(Source: jarrimimram, via tsmeey)


artissimo:

by wlopSpectrum 1: The Best in Contemporary Fantastic Art

serendipitytruthbeauty:

 

(Source: pinterest.com, via aprilmolano)


(Source: indigofragments, via whipknit)


euo:

Louise Bourgeois/ Ode to Forgetting

euo:

Louise Bourgeois/ Ode to Forgetting

(via dollie-eyed)


pleatedjeans:

apparently, you can name a bird if you adopt it. [x]

pleatedjeans:

apparently, you can name a bird if you adopt it. [x]


colourthysoul:

Salvador Dalí - The Guiding Angel

colourthysoul:

Salvador Dalí - The Guiding Angel


The books that help you most are those which make you think the most. The hardest way of learning is that of easy reading; but a great book that comes from a great thinker is a ship of thought, deep freighted with truth and beauty.
Pablo Neruda (via idreamofaworldofcouture)

(via dollie-eyed)


You are a little soul carrying around a corpse.
Epictetus (via perfect)

(Source: quote-book, via colourthysoul)


artemisdreaming:

Above:  Hakuin Ekaku, 1685-1768, Two Blind Men on a Bridge. Ink on paper, 11 x 33 in. Man’yo-an Collection, Japan Society, NY
.
Both the health of our bodiesand the fleeting world outside usare like the blind men’sround log bridge – a mind/heartthat can cross over is the best guide
~Hakuin Ekaku
.
From Wiki:  “Hakuin Ekaku (白隠 慧鶴, January 19, 1686 - January 18, 1768) was one of the most influential figures in Japanese Zen Buddhism. He revived the Rinzai school from a moribund period of stagnation, refocusing it on its traditionally rigorous training methods integrating meditation and koan practice. Hakuin’s influence was such that all Rinzai Zen masters today trace their lineage through him (and thus through the Ōtōkan lineage), and all modern practitioners of Rinzai Zen use practices directly derived from his teachings.”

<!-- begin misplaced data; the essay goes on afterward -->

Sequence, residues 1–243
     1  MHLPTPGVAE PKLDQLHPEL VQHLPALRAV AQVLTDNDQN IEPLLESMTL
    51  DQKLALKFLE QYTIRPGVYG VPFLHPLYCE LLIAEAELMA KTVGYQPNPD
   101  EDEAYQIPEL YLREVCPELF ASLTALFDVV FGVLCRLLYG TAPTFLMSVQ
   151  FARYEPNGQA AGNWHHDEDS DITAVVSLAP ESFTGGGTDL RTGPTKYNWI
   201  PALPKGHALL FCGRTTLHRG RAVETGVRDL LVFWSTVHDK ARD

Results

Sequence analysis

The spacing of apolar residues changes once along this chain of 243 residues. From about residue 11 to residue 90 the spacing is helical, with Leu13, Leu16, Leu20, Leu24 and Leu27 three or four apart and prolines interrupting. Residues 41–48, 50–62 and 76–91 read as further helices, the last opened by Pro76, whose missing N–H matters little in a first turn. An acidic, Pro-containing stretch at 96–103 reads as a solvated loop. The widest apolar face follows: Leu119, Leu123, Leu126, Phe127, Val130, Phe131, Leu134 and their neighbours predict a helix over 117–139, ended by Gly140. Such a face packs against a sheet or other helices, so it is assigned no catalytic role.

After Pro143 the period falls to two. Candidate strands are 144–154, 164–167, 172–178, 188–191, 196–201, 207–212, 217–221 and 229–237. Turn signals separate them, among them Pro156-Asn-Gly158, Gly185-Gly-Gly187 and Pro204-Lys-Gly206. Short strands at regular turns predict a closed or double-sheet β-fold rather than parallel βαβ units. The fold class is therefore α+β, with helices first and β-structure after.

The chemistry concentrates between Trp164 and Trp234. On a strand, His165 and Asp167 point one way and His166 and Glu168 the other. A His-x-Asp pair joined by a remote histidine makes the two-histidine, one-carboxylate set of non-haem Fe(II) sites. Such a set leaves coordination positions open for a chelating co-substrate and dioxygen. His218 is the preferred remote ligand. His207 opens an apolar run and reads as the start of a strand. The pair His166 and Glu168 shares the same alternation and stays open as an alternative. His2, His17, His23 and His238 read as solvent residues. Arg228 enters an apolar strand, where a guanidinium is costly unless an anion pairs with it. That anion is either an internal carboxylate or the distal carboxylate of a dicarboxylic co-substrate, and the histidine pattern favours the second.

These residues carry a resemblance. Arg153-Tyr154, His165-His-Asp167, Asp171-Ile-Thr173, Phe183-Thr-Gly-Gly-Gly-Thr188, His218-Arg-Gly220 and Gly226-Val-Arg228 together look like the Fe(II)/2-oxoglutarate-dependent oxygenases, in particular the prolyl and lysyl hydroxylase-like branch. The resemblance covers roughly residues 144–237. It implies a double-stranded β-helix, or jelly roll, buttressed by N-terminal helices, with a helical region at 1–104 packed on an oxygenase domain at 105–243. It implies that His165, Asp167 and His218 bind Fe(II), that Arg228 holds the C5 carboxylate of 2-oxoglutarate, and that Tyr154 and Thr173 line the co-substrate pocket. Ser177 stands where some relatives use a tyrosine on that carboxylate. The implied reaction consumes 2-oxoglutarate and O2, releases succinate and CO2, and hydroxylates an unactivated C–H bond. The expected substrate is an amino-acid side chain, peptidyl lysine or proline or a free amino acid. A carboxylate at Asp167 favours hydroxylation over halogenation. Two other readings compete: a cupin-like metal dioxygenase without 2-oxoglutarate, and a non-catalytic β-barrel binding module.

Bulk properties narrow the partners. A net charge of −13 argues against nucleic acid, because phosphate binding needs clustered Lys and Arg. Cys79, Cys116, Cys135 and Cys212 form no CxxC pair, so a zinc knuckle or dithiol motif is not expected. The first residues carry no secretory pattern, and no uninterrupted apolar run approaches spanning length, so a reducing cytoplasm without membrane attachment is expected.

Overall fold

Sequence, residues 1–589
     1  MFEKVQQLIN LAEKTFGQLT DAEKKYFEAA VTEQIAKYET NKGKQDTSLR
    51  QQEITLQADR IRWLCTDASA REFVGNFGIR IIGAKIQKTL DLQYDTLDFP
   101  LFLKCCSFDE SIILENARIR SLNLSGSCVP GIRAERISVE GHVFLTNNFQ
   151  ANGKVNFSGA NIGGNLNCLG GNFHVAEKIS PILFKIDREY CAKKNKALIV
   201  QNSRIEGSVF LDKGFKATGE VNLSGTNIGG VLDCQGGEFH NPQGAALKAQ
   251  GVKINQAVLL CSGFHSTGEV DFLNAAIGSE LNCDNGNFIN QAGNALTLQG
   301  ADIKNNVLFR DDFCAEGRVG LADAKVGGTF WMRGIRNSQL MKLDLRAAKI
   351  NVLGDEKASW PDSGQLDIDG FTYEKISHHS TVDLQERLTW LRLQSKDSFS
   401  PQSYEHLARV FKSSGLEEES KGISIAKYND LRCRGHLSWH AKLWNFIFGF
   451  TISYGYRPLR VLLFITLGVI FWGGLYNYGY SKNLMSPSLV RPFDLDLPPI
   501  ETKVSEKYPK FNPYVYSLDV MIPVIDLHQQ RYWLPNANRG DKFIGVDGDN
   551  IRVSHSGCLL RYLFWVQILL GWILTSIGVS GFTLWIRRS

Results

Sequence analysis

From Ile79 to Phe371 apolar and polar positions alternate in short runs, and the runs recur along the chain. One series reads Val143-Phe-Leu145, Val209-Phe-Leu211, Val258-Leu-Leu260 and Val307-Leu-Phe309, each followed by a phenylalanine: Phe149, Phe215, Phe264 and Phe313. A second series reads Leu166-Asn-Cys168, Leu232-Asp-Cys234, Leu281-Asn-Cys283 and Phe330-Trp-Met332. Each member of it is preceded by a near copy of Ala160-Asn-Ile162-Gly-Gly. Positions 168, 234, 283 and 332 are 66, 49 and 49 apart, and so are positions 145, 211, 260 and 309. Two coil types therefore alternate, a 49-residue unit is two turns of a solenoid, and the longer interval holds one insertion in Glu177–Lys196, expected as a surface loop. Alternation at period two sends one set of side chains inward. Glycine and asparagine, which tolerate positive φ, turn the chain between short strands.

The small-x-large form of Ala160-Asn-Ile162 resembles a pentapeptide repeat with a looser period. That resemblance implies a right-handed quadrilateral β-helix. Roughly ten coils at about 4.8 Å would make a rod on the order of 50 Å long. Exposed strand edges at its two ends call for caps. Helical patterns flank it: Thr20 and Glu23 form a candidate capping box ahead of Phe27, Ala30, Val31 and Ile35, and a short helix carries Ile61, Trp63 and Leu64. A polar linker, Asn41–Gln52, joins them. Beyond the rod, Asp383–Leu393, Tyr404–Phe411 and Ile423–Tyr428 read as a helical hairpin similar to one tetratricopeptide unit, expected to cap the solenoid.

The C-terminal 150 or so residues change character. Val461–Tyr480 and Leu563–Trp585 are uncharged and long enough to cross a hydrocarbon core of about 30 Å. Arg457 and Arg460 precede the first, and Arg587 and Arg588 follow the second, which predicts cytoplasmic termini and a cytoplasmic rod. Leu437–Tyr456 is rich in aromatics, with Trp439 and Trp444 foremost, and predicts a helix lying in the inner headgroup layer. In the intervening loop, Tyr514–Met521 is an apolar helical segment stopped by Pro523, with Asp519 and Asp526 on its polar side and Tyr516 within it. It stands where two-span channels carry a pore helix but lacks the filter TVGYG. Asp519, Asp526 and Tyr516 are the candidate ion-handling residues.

.
Artemis:  I’ve posted Three Blind Men Struggling to Cross a Log Bridge (HERE) but wanted this version with the next post.
 

artemisdreaming:

Above:  Hakuin Ekaku, 1685-1768, Two Blind Men on a Bridge. Ink on paper, 11 x 33 in. Man’yo-an Collection, Japan Society, NY

.

Both the health of our bodies
and the fleeting world outside us
are like the blind men’s
round log bridge – a mind/heart
that can cross over is the best guide

~Hakuin Ekaku

.

From Wiki:  “Hakuin Ekaku (白隠 慧鶴, January 19, 1686 - January 18, 1768) was one of the most influential figures in Japanese Zen Buddhism. He revived the Rinzai school from a moribund period of stagnation, refocusing it on its traditionally rigorous training methods integrating meditation and koan practice. Hakuin’s influence was such that all Rinzai Zen masters today trace their lineage through him (and thus through the Ōtōkan lineage), and all modern practitioners of Rinzai Zen use practices directly derived from his teachings.”

.

Artemis:  I’ve posted Three Blind Men Struggling to Cross a Log Bridge (HERE) but wanted this version with the next post.

 


jaws-and-claws:

Sibirischer Tiger by CROW1973 on Flickr.

(Source: buddhaisy, via gkar56)


The monster I kill every day is the monster of realism. The monster who attacks me every day is destruction. Out of the duel comes the transformation. I turn destruction into creation over and over again.
Anaïs Nin (via oedameux)

(Source: mycolorbook, via oedameux)


(Source: aprilmolano)



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